Tuesday, April 17, 2018

Love is said a million ways

Love is said a million ways.  We most often think of the big dramatic first "I love you", which signifies this is more than a simple friendship. I remember standing outside my parents' house with my now-husband, and hearing him ask, "What would you say if I told you 'I love you'?"  It was a defining moment in our relationship, but even more importantly, he had backed up those words through months of invested friendship (getting to know my family, figuring out my favorite coffee, texting me Scripture verses, etc).

In the last couple months, I've been thankful for the many ways I've heard "I love you" through special actions of friends when I've needed it. I suppose this post is more of a gratitude journal coupled with a personal challenge to love others well.

Love looks like getting a text message from a friend just to ask how you're feeling that day.

Love tastes like chicken strips sent home with you by a friend because it's the exact food you've been craving for four days, and you quickly devour that bag in three days.

Love sounds like the quiet prayers of a two year old pleading with Jesus to help mama not be sick.

Love smells like your husband faithfully cooking supper each night because you're to tired to do it all.

Love feels like your bed when you are sent upstairs for a nap, when your eyes just can't stay open anymore.

Love tastes like Juice Stop picked up by your husband on the way home, because it's the only thing you can eat.

Love sounds like washing the dishes, because he knows you hate the dishes. And you simply say, "I love you too."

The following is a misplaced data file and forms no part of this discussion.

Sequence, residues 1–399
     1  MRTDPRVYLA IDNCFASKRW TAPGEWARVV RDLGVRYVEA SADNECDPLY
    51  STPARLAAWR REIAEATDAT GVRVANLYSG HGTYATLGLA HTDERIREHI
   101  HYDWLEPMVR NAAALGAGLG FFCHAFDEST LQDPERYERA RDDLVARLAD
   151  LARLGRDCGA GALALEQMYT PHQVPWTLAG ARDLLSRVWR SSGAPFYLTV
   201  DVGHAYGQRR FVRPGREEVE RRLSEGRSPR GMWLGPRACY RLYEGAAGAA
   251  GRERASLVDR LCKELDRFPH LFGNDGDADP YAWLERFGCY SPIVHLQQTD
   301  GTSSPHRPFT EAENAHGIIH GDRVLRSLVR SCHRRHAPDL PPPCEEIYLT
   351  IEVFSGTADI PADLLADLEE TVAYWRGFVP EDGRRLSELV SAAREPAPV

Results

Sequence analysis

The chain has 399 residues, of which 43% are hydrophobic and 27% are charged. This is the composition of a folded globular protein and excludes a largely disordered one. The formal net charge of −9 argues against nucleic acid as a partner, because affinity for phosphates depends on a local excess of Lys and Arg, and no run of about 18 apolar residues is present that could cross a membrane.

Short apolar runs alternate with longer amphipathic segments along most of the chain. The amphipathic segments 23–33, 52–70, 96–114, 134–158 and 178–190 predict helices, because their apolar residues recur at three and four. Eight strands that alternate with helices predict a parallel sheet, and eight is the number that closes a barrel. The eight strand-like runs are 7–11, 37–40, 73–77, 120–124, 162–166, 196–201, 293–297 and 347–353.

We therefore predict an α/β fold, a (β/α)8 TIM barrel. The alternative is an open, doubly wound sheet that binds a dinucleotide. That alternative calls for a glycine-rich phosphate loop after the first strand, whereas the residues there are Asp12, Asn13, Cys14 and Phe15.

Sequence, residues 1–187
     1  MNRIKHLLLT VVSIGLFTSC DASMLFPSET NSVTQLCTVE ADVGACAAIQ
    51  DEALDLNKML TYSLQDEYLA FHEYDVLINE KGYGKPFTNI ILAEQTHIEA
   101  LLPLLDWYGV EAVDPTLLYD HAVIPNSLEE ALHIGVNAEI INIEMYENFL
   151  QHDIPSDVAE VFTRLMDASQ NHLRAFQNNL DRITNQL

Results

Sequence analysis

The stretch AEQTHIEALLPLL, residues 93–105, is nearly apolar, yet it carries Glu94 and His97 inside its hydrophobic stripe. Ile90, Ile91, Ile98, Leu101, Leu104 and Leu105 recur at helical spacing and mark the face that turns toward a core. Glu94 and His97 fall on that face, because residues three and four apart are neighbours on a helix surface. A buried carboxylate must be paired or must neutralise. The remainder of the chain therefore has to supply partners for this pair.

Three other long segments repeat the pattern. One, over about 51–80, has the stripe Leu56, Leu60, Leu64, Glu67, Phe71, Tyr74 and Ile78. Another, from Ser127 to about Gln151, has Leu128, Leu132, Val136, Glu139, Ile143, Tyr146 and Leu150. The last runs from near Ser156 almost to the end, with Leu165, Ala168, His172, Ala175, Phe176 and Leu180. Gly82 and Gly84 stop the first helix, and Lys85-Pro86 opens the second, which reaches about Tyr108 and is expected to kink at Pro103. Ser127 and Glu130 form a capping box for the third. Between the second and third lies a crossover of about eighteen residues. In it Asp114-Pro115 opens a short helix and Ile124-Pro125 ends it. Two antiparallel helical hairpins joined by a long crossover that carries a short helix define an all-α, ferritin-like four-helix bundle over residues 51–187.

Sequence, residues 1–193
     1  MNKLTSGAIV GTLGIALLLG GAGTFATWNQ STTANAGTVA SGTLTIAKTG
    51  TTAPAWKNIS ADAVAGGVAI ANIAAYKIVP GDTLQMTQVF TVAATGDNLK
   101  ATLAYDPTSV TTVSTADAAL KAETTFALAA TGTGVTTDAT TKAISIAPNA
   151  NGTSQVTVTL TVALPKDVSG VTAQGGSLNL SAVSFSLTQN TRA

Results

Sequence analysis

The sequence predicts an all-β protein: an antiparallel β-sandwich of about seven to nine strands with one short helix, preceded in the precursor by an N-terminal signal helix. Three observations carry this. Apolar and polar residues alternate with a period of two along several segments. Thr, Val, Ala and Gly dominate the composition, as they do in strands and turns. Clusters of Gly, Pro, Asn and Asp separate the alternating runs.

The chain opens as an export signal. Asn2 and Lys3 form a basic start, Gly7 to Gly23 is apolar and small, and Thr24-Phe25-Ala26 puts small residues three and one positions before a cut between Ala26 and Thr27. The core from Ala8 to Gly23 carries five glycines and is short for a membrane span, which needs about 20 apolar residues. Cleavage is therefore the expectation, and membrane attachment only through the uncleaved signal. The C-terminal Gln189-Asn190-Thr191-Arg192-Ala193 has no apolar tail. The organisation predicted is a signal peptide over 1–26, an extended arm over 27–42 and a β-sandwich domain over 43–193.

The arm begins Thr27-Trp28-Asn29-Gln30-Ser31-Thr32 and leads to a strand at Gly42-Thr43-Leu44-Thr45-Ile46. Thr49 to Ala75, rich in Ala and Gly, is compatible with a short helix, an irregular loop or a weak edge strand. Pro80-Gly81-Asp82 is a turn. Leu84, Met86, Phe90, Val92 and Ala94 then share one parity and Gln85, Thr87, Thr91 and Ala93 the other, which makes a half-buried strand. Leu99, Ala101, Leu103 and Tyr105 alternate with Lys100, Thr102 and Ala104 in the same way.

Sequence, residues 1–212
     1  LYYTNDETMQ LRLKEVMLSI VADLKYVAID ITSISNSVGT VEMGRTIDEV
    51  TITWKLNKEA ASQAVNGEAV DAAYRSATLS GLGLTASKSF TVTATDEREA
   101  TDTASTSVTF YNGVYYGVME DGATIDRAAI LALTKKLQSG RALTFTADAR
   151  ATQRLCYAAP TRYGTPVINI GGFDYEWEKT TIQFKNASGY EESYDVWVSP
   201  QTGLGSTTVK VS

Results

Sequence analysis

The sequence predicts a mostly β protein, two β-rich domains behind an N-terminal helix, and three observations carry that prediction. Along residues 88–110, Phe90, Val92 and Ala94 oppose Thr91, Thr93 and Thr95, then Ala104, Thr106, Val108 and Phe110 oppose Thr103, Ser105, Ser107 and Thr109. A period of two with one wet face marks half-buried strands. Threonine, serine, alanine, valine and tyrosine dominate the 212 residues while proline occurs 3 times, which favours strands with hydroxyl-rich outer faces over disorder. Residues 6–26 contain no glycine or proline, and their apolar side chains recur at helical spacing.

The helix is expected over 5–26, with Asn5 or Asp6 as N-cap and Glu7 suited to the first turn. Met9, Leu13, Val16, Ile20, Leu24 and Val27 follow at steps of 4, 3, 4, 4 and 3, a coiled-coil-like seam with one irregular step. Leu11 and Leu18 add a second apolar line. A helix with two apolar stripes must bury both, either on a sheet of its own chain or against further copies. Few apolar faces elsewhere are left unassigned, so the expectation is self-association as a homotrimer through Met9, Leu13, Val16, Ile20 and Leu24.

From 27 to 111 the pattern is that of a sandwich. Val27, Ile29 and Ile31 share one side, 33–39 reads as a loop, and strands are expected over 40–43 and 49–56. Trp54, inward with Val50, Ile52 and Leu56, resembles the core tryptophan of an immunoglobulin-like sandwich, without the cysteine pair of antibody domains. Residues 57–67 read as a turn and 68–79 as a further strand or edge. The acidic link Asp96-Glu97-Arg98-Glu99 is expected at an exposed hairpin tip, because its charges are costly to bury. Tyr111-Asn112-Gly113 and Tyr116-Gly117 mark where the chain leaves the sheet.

Love looks like flowers given just because.

Love sounds like prayers on your behalf being sent up.

Love looks, feels, tastes, sounds and smells like many things. The words may be great to hear,  but the actions give it power.

Today, how can you say "I love you" without using words?  And perhaps, start recording how often you "hear" it too. You may be surprised by the number of ways you've heard it just this week.

Wednesday, April 4, 2018

The book that read my mind: Decluttering at the Speed of Life

Have you ever read a book that seemed to have read your mind?  Somehow the author had thought of all your reasoning, excuses, fears, or imaginary scenarios and answered each one.  As you read through the book, you chuckled to yourself wondering how the author knew you.

Or perhaps you've had the opposite reaction to an informational book, where you wonder if the author has ever really struggled with the issue.   While they seem to have great ideas or even great photo proof of their successes, they seem to fire off good ideas and new solutions without any acknowledgement of the struggle to implement them. You may pick up some good ideas, but you'll never feel like a team member with them.

Deluttering at the Speed of Life is a book for real life people. Dana K. White is a real life messy house person who simply tells her story.  She shares real examples of stuff she's collected with grand dreams of marvelous projects or things she's stored for the possible 'future need'....for years.

Dana shares on the value of breathing room vs. the cost of storing something (your mortgage payment divided by the square feet of your home), our emotional attachments to things and dreams, and how to just start...even when we only have five minutes.

One of the best parts?  She writes it all with humor, grace, and a realness that makes it clear she's right there with you.

I bought her first book How to Manage Your Home Without Losing Your Mind and loved it for all the same reasons.  Her podcasts are also pretty simple, practical and humorous.

If you are a 'real life' person, who just wants another 'real life' person to share your journey, this book is for you. She will not share some fancy new organization system she invented or tell you how many shirts you should own.  Dana just lays out basic principles for simple home management in an easy to relate to way.

I was super excited to see this book available on the Booklook Blogger review program, and thankful to receive a review copy.  All of the views in this post are mine, and are not affected by receiving a review copy.

Wednesday, March 28, 2018

How to be the Spring for someone's Winter